2017.3-30.Skin


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Brambarova DA, Yankova RK. Skin sensitivity – extremely positive reaction for nickelsulfate hexahydrate in association with occupational allergens. Our Dermatol Online. 2017;8(3):349-351.

 

 
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Skin sensitivity – extremely positive reaction for nickelsulfate hexahydrate in association with occupational allergens

Donka A. Brambarova1, Rumyana K. Yankova1,2

1Department of Dermatology and Venereology, Faculty of Medecine, Medical University, Plovdiv, Bulgaria2Head of Dermovenereology and Allergology Center, UMBAL’Pulmed’, Plovdiv, Bulgaria

Corresponding author: Dr. Donka A. Brambarova, E-mail: d.brambarova@abv.bg

Submission: 21.09.2016; Acceptance: 21.11.2016

DOI: 10.7241/ourd.20173.99


Sir,

Cosmetic products are frequent causative agents of cutaneous reactions due to changed sensitivity. We report an unexpected extremely positive reaction of Patch test for Nickelsulfate hexahydrate in association with others positive occupational allergens that needs of immediate treatment and interrupted the further exanimations.

The subject is 35 years old woman, worked like hairdresser from 6 years. She has history for itchy redness legions with desquamation on the skin of the face where applying different cosmetic products and on the neck after caring jewels of base metals from few years. She has itchy redness legions on the hands from four months with temporal effect of therapy with topical corticosteroids. No history of urticaria and atopy. The subject is healthy at the moment of examination, without any skin lesions and meet the following requirements for testing: good general condition, without serious common diseases and contraindications to conduct testing (acute myocardial infarction, decompensated diabetes, decompensated thyrotoxicosis, renal failure, active tuberculosis, pregnancy), without skin rash (acute and chronic eczema, urticaria, fungal infection, etc.) who do not accept and topically applied drugs affecting the result of testing (corticosteroids, antihistamines, tranquillizers, sympathomimetics). We perform Patch test with European Baseline Series and Hairdressing Series (Chemotechnique Diagnostics, Sweden) to diagnose contact sensitivity to locally administered funds.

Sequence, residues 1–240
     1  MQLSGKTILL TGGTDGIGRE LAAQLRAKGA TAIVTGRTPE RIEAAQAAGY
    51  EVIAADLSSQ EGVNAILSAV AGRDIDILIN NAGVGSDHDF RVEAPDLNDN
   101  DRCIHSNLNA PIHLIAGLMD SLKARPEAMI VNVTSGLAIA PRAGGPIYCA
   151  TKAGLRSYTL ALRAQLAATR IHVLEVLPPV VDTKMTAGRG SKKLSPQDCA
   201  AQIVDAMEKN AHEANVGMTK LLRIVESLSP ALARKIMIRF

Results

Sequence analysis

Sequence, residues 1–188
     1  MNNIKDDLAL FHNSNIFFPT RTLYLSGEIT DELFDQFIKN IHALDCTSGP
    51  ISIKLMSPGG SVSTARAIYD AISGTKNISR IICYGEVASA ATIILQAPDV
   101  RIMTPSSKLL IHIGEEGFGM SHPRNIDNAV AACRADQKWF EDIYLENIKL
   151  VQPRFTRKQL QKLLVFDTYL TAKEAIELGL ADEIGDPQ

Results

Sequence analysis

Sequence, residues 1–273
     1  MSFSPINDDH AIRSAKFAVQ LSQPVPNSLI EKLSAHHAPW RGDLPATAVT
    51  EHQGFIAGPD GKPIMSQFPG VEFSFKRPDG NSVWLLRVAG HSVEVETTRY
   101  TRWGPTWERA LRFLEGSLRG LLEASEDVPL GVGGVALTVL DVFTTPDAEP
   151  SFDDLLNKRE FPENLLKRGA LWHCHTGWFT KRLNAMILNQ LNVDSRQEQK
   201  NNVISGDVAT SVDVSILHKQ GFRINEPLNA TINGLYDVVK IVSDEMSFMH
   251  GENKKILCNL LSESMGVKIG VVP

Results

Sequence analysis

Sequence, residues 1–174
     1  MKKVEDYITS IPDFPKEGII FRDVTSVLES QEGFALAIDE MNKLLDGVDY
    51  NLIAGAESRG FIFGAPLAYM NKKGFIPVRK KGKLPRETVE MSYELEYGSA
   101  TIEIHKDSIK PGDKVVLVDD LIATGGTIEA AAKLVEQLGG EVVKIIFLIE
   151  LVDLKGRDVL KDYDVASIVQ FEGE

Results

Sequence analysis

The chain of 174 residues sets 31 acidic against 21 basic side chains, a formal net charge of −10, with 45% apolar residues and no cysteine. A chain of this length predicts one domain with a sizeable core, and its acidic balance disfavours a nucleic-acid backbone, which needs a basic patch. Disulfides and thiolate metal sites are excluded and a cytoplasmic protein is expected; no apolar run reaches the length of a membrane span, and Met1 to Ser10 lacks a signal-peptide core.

European Baseline Series is a basic ‘standard’ series consist of allergens based on the experience of the European Environmental and Contact Dermatitis Research Group (EECDRG). Hairdressing Series contains different chemicals (metals, dyes, stabilizers, preservatives) which one might risk getting exposed to working professionally in the hairdressing occupation. Standardization is the result of years of testing large numbers of individuals, and it reflects a balance of sensitivity and specificity (ie, positive test results in the vast majority of allergic individuals and few positive findings in controls) [1].

Allergens in standard concentrations are placed in standard hypoallergenic chambers IQ Ultra (Chemotechnique Diagnostics, Sweden) with defined test areas (critical for standardization as the concept of dose/area) on the skin of the back and were removed after 48 hours.

The basic requirements for a patch-test chamber are an inert material applied to a hypoallergenic tape for providing good occlusion and fixation of the test unit to the skin [1].

The results are reported at 48 hour and at 72 hour. The reactions are reported as required by the International Contact Dermatitis Research Group (ICDRG).

Results of Patch Test

Positive reactions on 48 hour are four and one is doubtful: Nickelsulfate hexahydrate (+++), 2-Mercaptobenzothiazole (++), Captan (+), Diazolidinyl urea (+), p-Phenylenediamine base (? +). For Nickelsulfate hexahydrate on 48 hour positive result is extremely positive and the subject has itching and very high disturbance on the place of the probe (Fig. 1).

Figure 1: Positive reactions on 48 hour: Nickelsulfate hexahydrate (+++) and 2-Mercaptobenzothiazole (++).

 

The doubtful reaction (? +) for p-Phenylenediamine base (PPD) is positive on 72 hour. So the positive reactions on 72 hour are five: Nickelsulfate hexahydrate (+++), 2-Mercaptobenzothiazole (++), Captan (+), Diazolidinyl urea (+) and PPD (+). For Nickelsulfate hexahydrate positive result on 72 hour is with crescendo phenomenon: increasing erythema, infiltration and exudation, increased in size, merged in nearly horizontal line with the opposite allergen, very disturbing itch. Crescendo phenomenon is specific for allergic reactions and is the main deferens of irritant reactions.